If Whig historiography succeeded in demonizing James, it palpably triumphed in interpreting 1688 and the reign of William III. Tellingly, Sharpe recalls that there was virtually no “historiographical interpretation of a period or reign”, which had “such a near monopoly”. Sharpe argues against the long-prevailing Whig interpretation of how William had safely and steadily secured his kingship. Instead, his view is that William was constantly battling against the threats and challenges posed by James and that instability and insecurity prevailed over William’s reign until its very end in 1702. Sharpe argues that from the reign of William the primary concern for the monarchy shifted drastically. “From 1688”, he writes, “there were two kings of England and a bitter contest to secure authority and what was now widely discussed as the best source for legitimacy: the support of the people”. It was no coincidence that the 1688 revolution had brought about the greatest propaganda campaign England ever witnessed and that the same assiduous publicity was continued throughout the reign: “Williamite propaganda was organized, systematic and ubiquitous because it needed to be”. Sharpe reminds us that William had only just outlived James by a matter of six months. Had the latter lived a little longer the campaign to put James and his son back on the throne would have gained momentum and may indeed have become a reality.

In reality, however, it was Queen Anne who took the throne, although Sharpe revises Anne’s image as a monarch who was somehow less central and perhaps less important than her predecessors in the business of ruling England. Indeed, not only would many of us today have difficulty in identifying her in portraits, but the circumstances of her reign do not seem to have left such a mark on the historical imagination as the Civil War, the Popish Plot, and the Glorious Revolution. Despite Anne’s seemingly colourless nature and career, she started her reign with a favourable image—as a Queen destined for great things. She was not only English—a point which she underscored in her very first speech—she was also, unlike William, a devout Anglican who was inclined to religious ceremony, and was the legitimate successor to the throne as a Stuart daughter of James II. As Sharpe writes, “Anne, as succession panegyrics underlined, by her legitimacy, promised the possibility of healing the rupture in the succession and so of settling, it was hoped, the divisions that had rent the polity and people”. So why does she not appear more prominent a figure in history and historiography? Sharpe believes there were broadly two reasons: as a woman she could not lead military campaigns and therefore her position was “by definition secondary to that of her generals, notably Marlborough”; secondly, she had to deal with fully developed political entities—she had to skilfully negotiate with the new realities of “powerful parliaments and parties”. Yet Sharpe argues convincingly that the stability of the nation and the Hanoverian succession, the establishment of the constitutional monarchy and England’s emergence as a superpower, “owed not a little both to the actions, popularity and image of Queen Anne and, paradoxically, to her relative lack of prominence”.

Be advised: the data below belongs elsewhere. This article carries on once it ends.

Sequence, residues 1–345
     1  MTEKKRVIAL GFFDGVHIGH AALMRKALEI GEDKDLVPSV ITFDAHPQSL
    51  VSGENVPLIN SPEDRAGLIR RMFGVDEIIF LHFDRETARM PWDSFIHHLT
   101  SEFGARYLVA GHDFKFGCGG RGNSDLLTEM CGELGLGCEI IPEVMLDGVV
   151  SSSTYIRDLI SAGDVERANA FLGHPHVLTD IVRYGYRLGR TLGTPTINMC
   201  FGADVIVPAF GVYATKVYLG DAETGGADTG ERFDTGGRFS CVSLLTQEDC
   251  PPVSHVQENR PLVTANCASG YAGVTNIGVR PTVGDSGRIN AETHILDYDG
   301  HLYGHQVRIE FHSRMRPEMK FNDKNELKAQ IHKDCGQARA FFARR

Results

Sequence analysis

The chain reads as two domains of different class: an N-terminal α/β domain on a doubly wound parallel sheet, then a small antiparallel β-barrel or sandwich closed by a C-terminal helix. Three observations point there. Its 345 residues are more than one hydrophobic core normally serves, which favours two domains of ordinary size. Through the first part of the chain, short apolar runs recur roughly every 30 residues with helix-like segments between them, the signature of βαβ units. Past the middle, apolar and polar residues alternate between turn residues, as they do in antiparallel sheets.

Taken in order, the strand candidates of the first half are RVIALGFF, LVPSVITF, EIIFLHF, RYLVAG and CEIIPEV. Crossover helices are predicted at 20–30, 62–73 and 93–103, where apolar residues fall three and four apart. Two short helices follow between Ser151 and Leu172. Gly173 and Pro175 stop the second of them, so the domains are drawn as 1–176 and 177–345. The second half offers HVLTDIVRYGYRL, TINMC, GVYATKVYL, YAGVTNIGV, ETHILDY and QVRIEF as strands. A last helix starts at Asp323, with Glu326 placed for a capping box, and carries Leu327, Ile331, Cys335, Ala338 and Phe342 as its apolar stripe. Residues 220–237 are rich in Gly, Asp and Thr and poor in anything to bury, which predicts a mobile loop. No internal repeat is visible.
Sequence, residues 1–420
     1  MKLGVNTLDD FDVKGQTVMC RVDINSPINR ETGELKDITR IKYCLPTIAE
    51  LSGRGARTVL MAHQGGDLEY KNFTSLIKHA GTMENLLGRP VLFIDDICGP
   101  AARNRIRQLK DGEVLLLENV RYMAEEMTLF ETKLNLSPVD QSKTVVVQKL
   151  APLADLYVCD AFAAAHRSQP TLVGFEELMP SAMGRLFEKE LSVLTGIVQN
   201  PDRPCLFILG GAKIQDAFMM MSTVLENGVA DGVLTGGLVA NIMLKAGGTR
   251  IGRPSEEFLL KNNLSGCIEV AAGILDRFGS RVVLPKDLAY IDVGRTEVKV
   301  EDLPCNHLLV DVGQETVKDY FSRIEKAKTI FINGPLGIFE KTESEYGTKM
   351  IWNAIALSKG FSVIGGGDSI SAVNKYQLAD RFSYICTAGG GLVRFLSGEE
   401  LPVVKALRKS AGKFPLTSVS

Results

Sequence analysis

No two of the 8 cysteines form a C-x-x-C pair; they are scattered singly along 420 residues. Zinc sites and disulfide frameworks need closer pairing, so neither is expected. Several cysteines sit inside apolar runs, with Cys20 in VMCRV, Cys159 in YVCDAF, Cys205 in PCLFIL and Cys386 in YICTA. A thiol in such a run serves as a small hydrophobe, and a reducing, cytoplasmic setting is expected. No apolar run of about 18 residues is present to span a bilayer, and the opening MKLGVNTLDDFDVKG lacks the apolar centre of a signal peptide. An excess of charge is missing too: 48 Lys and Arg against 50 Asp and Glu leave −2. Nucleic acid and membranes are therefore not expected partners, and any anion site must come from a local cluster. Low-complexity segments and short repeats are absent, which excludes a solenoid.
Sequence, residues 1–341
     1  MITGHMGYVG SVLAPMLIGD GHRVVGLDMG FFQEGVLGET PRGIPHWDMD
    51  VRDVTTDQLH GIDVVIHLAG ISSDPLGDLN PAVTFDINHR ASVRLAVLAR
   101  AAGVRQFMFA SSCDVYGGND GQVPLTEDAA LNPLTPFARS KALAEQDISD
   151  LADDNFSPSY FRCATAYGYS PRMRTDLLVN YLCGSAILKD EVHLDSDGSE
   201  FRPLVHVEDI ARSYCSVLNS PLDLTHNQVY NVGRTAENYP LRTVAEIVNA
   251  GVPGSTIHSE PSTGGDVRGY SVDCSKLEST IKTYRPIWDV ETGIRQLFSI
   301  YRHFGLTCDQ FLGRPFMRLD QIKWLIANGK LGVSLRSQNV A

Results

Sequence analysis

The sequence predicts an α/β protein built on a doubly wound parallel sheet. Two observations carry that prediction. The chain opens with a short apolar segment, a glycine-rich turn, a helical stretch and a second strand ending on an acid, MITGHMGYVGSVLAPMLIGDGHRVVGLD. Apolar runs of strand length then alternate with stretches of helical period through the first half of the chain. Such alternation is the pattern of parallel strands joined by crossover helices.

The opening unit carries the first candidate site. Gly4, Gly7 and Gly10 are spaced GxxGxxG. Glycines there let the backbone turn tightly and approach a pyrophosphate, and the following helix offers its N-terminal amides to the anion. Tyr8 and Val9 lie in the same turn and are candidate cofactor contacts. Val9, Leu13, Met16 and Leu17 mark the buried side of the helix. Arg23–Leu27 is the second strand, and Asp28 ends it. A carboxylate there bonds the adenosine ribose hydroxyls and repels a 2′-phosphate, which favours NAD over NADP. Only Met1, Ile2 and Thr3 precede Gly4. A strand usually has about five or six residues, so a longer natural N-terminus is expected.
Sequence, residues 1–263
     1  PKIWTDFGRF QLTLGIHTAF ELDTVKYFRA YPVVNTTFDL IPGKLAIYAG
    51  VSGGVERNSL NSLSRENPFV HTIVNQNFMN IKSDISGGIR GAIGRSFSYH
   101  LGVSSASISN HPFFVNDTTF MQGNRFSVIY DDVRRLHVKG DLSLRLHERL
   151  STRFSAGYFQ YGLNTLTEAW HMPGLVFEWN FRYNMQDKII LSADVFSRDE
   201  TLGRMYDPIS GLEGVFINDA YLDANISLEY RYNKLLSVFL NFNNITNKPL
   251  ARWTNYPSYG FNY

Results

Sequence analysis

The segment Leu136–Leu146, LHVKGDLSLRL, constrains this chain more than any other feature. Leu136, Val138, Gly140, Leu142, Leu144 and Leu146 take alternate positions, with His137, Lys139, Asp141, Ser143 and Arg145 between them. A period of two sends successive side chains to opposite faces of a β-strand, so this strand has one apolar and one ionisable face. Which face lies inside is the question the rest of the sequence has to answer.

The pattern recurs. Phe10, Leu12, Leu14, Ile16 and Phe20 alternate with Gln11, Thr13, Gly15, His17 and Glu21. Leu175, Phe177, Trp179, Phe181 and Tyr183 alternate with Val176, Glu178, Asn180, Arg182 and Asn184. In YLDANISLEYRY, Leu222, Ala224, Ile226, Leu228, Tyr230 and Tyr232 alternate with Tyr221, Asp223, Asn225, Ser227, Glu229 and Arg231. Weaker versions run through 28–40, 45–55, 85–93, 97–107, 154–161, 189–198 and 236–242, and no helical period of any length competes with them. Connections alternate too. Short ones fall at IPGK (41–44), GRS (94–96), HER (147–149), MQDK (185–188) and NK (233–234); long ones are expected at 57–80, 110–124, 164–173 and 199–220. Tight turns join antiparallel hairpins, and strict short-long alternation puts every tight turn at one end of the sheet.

Lack of prominence, however, does not in the slightest characterise Kevin Sharpe’s career. Not even his bitterest enemies—he claimed to have some—could charge him or his work as being colourless or lacklustre. While the majority of the materials covered in this volume may be known by specialists and non-specialists alike, it was, however, Sharpe’s ability to amass matter and simultaneously write with flair and feeling—especially in his fierce life-long battle against the Whig historiography—that set him and his work apart from others. Mark Knights, the editor of the volume, writes that “Kevin always enjoyed the drama of an academic conversation and conveyed his message with style”—readers of Rebranding Rule will certainly feel the excitement of drama and appreciate the signal style of its author. Kevin Sharpe’s rich, hefty, and deeply interdisciplinary volume drawing on history as well as art history is a worthy legacy as well as a testament to one of Britain’s leading historians and early modern scholars.

Riki Miyoshi is reading for a DPhil in English Literature at St Peter’s College, Oxford.